Amazinz wrote:I understand what he is saying but there is no evidence to suggest that this is true. You can prove that a pitcher becomes more hittable with a man on base. Neyer did a little study about this awile back, taking into account the difference when the man on base was a base-stealing threat. There was no difference. Does that prove that these intangibles don't exist? No but I think it's enough evidence for me to believe that they don't.
Neyer is fun to read, and his aggressive attitude about data and baseball is refreshing, but he is just not that good of a statistician. I haven't read the article you're talking about, but here're my problems against the usual sort of analyses he comes up with. First, he tend to lump players together. If you believe players are all iid, yeah sure, but they're not. Some pitchers, e.g., Jose Contreras, are more prone to being affected than others. Pooling them is going to blow up the variance of your sample, so as to not being able to draw any firm conclusions.
Anyway, maybe I should put my money where my mouth is. Then again it might be a lot of work, and I don't get paid for it.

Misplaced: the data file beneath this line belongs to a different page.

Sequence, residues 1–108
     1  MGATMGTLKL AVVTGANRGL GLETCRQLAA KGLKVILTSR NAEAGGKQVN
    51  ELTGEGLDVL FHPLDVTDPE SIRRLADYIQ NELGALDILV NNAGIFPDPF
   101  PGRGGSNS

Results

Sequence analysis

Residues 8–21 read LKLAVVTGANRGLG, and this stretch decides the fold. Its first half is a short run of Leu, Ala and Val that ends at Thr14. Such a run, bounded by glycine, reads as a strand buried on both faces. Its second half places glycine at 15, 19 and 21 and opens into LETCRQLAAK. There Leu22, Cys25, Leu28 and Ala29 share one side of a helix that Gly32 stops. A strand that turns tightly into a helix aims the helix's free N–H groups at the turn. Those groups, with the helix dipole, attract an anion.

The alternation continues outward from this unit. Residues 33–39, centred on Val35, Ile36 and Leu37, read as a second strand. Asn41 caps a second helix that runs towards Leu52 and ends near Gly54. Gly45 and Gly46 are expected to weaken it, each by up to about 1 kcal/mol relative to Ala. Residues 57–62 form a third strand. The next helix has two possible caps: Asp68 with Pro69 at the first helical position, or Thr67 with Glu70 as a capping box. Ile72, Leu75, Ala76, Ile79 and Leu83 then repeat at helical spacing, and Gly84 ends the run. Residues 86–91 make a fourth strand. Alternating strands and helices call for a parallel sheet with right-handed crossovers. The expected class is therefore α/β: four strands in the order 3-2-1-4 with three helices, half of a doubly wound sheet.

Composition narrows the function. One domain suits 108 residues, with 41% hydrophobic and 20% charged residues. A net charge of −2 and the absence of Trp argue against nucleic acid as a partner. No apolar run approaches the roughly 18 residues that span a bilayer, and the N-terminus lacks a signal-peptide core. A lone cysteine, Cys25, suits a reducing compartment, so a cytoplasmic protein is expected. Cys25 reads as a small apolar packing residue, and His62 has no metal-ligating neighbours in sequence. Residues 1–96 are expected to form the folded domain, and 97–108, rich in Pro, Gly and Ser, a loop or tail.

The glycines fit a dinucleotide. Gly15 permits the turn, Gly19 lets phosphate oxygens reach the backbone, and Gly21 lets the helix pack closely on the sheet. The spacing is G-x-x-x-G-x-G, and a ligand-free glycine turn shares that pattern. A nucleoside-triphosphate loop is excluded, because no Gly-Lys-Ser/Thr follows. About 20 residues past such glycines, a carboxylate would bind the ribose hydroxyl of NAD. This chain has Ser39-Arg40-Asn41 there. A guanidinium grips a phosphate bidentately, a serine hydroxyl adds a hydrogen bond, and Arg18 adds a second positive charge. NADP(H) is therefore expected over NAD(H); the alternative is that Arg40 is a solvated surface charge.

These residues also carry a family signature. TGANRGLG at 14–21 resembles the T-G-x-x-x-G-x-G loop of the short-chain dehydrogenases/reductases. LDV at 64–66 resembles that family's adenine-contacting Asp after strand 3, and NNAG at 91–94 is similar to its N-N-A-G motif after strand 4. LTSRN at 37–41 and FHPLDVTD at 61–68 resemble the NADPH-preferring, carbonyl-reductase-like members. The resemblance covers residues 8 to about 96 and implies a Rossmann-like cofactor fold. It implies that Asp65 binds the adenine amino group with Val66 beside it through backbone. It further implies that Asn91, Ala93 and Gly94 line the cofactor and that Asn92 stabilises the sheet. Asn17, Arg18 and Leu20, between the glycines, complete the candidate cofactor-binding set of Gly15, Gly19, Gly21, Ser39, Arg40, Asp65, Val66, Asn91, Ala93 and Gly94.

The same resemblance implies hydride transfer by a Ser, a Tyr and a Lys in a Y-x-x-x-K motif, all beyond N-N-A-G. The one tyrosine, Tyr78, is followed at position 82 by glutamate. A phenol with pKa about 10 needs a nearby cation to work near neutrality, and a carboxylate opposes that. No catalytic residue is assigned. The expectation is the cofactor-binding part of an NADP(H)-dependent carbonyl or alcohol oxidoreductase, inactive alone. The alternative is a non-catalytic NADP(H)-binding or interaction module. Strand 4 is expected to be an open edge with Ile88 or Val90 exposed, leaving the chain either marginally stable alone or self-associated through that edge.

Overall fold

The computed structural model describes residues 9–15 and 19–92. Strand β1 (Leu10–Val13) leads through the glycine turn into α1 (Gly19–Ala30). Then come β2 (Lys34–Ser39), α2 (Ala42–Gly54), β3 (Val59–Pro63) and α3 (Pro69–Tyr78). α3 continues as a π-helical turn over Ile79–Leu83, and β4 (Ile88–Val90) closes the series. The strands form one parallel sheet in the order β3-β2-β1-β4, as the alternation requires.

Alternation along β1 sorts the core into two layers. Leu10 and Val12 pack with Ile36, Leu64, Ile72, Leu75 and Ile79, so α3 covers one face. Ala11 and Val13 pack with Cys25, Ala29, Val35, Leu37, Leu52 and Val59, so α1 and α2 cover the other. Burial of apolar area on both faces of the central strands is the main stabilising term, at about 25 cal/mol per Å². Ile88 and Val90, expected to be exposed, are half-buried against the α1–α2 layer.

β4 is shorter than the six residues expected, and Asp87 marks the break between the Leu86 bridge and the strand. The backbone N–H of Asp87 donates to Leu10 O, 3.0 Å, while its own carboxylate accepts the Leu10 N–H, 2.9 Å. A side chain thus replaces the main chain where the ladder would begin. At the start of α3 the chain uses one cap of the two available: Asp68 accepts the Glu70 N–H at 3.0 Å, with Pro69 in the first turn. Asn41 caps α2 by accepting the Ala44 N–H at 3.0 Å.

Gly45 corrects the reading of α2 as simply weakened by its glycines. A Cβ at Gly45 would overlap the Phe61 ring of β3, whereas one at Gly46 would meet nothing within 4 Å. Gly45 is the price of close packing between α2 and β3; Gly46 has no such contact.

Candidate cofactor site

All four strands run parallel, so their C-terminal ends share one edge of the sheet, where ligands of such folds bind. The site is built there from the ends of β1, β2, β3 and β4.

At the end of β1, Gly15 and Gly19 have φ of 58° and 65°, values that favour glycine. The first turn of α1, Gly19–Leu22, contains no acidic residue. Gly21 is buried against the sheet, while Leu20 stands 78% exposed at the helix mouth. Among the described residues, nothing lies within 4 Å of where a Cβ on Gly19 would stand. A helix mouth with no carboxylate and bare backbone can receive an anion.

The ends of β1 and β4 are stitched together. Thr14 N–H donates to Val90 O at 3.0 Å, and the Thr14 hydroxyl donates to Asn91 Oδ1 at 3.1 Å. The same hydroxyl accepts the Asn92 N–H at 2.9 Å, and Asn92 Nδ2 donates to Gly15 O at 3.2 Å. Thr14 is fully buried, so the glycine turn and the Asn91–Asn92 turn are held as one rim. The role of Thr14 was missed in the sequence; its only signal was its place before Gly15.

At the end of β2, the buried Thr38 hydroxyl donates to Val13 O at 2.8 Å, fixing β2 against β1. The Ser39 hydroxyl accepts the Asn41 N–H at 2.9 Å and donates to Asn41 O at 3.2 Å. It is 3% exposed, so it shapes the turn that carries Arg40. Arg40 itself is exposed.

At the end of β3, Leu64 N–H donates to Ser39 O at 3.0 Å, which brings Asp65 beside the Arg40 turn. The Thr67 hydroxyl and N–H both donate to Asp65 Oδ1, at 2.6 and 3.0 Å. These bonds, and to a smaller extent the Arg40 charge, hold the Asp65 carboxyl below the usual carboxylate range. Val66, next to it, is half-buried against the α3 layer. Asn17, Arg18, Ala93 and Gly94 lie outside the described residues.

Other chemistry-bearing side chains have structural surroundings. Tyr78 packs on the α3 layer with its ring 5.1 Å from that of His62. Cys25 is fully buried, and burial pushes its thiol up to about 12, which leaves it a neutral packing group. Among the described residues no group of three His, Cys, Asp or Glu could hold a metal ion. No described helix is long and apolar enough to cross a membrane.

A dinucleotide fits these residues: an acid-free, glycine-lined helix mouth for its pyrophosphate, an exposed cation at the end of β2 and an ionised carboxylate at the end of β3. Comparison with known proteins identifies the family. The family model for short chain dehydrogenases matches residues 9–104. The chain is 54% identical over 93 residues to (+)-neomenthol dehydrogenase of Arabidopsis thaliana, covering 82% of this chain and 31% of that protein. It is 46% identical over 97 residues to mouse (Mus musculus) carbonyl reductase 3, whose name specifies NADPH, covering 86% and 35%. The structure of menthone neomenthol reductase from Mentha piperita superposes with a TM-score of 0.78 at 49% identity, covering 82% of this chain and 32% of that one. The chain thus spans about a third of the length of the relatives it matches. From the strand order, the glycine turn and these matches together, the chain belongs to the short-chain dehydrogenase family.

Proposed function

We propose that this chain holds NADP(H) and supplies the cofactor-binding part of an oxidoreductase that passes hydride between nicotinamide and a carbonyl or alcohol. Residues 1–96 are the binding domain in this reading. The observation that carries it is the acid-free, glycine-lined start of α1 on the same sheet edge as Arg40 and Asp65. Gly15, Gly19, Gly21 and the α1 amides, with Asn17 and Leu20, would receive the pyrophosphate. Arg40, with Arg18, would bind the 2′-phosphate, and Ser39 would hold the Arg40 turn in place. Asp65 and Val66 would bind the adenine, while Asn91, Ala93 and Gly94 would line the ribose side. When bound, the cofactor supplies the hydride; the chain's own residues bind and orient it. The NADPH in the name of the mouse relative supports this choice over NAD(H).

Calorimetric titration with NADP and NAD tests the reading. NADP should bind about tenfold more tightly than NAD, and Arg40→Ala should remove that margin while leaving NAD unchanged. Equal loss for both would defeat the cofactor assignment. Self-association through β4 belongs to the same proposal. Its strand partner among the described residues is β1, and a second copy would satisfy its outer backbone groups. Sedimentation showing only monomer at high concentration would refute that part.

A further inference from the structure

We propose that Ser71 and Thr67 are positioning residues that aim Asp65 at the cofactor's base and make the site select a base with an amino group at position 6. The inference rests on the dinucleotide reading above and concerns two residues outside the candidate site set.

athxu wrote:This is a similar argument to the one made by people who believe in clutch hitters. I can't disprove your opinion but in my opinion MLB players are the creme of the crop. I do not believe a base-stealing threat in the late innings of a playoff game would have any more effect than in any other game.
I'm skeptical about the clutch hitting idea, but this is based on a much more plausible story. The idea is that the pitcher has to divert some of his attention away from the batter and to the runner, if the runner is a known base stealer. One would think pitching requires focus...
I just had an idea for a simple study to run. I'll post it to another thread, since this one's getting kind of long. I don't know where I would be able to get data for this sort of thing, but others might.